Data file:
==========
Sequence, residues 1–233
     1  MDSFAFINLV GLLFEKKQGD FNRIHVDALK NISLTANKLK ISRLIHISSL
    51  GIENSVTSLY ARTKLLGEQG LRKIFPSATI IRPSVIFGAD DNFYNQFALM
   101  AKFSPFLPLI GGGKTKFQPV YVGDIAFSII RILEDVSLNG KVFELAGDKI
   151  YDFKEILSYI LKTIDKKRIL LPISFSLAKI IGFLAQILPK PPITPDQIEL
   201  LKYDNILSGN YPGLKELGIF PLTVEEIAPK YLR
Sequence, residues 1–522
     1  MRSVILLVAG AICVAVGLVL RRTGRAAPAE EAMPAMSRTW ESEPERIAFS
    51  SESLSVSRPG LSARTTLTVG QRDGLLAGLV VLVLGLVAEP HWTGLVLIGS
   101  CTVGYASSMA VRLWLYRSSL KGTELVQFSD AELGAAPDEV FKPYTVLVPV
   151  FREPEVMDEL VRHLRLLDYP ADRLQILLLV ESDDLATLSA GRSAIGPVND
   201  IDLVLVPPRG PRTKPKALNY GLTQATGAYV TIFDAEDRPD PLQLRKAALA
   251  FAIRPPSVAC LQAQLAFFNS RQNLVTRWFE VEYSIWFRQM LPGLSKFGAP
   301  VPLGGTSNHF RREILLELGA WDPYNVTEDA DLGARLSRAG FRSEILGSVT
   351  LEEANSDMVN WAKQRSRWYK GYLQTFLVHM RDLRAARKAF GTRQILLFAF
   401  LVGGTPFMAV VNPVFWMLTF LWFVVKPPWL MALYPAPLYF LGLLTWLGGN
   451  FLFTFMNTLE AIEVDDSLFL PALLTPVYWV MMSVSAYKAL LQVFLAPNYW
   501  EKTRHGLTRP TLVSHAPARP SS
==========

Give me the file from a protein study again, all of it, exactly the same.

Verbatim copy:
Sequence, residues 1–233
     1  MDSFAFINLV GLLFEKKQGD FNRIHVDALK NISLTANKLK ISRLIHISSL
    51  GIENSVTSLY ARTKLLGEQG LRKIFPSATI IRPSVIFGAD DNFYNQFALM
   101  AKFSPFLPLI GGGKTKFQPV YVGDIAFSII RILEDVSLNG KVFELAGDKI
   151  YDFKEILSYI LKTIDKKRIL LPISFSLAKI IGFLAQILPK PPITPDQIEL
   201  LKYDNILSGN YPGLKELGIF PLTVEEIAPK YLR
Sequence, residues 1–522
     1  MRSVILLVAG AICVAVGLVL RRTGRAAPAE EAMPAMSRTW ESEPERIAFS
    51  SESLSVSRPG LSARTTLTVG QRDGLLAGLV VLVLGLVAEP HWTGLVLIGS
   101  CTVGYASSMA VRLWLYRSSL KGTELVQFSD AELGAAPDEV FKPYTVLVPV
   151  FREPEVMDEL VRHLRLLDYP ADRLQILLLV ESDDLATLSA GRSAIGPVND
   201  IDLVLVPPRG PRTKPKALNY GLTQATGAYV TIFDAEDRPD PLQLRKAALA
   251  FAIRPPSVAC LQAQLAFFNS RQNLVTRWFE VEYSIWFRQM LPGLSKFGAP
   301  VPLGGTSNHF RREILLELGA WDPYNVTEDA DLGARLSRAG FRSEILGSVT
   351  LEEANSDMVN WAKQRSRWYK GYLQTFLVHM RDLRAARKAF GTRQILLFAF
   401  LVGGTPFMAV VNPVFWMLTF LWFVVKPPWL MALYPAPLYF LGLLTWLGGN
   451  FLFTFMNTLE AIEVDDSLFL PALLTPVYWV MMSVSAYKAL LQVFLAPNYW
   501  EKTRHGLTRP TLVSHAPARP SS